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Mediate.com

Seven Golden Rules of Marketing for Mediators

by Eileen Barker & John Ford
July 2002
Like it or not, effective marketing is crucial to the success of most mediation practices. Whether you are starting a mediation practice or seeking to expand an existing practice, serious thought should be given to how you will establish yourself in the market. So, what are the best marketing strategies? What makes marketing effective? How can mediators use what they already know to be effective in marketing? While there's no one magic answer for everyone, there are proven guideposts that can help you avoid common pitfalls, and maximize the return of your marketing efforts and dollars. Here are seven of our "golden rules" of marketing:

1. There is no substitute for clarity of purpose. One of the most common mistakes mediators make is to focus on action alone. You can easily spend a lot of time, energy and money on marketing. Many new mediators have started out by publishing an expensive brochure, attending every ADR luncheon and program, committing substantial dollars to advertising, and/or designing an elaborate website, only to discover later that these efforts alone did not bear fruit. Marketing must be rooted in solid business planning. But even more fundamentally, in ones core values and priorities. One's values and sense of purpose are the foundation. Until these are clarified, no amount of advertising or strategizing are likely to be effective. Conversely, clarity of purpose will directly inform your business planning and your marketing plan will flow from it in an organic and connected way.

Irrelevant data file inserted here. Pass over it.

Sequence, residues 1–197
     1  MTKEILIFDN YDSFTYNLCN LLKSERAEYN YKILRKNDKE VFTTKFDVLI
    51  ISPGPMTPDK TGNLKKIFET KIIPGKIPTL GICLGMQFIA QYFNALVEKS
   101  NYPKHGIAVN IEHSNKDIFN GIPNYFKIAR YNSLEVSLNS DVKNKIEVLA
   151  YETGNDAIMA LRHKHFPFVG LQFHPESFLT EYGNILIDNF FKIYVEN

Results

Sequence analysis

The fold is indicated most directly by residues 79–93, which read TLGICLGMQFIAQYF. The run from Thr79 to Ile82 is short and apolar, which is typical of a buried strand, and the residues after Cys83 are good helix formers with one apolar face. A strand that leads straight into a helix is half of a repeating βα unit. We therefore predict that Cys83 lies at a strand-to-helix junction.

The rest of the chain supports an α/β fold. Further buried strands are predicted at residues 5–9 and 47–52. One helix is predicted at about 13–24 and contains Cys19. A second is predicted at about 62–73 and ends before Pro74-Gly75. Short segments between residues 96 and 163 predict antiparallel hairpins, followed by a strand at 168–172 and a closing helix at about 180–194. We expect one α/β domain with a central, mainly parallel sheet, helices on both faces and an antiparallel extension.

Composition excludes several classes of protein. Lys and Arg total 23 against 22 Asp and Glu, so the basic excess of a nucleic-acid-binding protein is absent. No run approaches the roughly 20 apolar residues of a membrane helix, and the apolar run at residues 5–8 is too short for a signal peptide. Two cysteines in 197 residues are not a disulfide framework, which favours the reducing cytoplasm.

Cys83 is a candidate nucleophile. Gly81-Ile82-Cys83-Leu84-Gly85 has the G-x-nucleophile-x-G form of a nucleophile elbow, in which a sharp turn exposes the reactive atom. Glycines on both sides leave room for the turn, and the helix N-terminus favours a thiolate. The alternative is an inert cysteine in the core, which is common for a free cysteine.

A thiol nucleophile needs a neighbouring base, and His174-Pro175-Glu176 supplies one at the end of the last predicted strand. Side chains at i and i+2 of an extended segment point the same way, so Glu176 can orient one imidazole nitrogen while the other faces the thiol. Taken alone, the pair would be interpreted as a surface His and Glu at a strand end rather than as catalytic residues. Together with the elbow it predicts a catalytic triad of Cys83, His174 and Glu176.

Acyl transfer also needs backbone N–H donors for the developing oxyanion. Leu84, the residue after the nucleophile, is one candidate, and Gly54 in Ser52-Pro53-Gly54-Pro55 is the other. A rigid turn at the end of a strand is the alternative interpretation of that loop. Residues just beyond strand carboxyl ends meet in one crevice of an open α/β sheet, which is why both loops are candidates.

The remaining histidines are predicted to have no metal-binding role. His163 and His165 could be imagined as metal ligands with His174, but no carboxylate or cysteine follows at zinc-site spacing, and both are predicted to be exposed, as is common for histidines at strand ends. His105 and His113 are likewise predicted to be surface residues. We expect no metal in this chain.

2. Developing a positive approach to marketing is essential. What is your attitude toward marketing? Is it something you look forward to, or something you dread? What are your associations with marketing? How can you cultivate a positive attitude toward marketing? Realize there is no one "right" way to market your practice. There is no magic formula. Effective marketing is largely a matter of synchronicity. Being in the right place at the right time, for you. You will be most effective when you market in ways that feel right for you. Your marketing plan should match your personal style, preferences and strengths. In other words, "reframe" your orientation to marketing so that the activities you select are enjoyable and effective for you.

3. See marketing as an extension of mediating. The essence of marketing is communication and determining whether there is a fit of needs. Marketing is not getting someone to use services they do not need. Your goal is to understand the potential client's needs and if there is a match between their needs and your skill set then all things being equal, the business relationship will emerge naturally. You also have needs. If you don't take care of yourself and honor your own needs you may harbor resentments that will undermine the relationship. Be clear about your needs as you enter a client relationship. It makes sense to say NO when your needs are not being addressed. An interest-based approach will ensure that the clients' needs are met, as well as your own.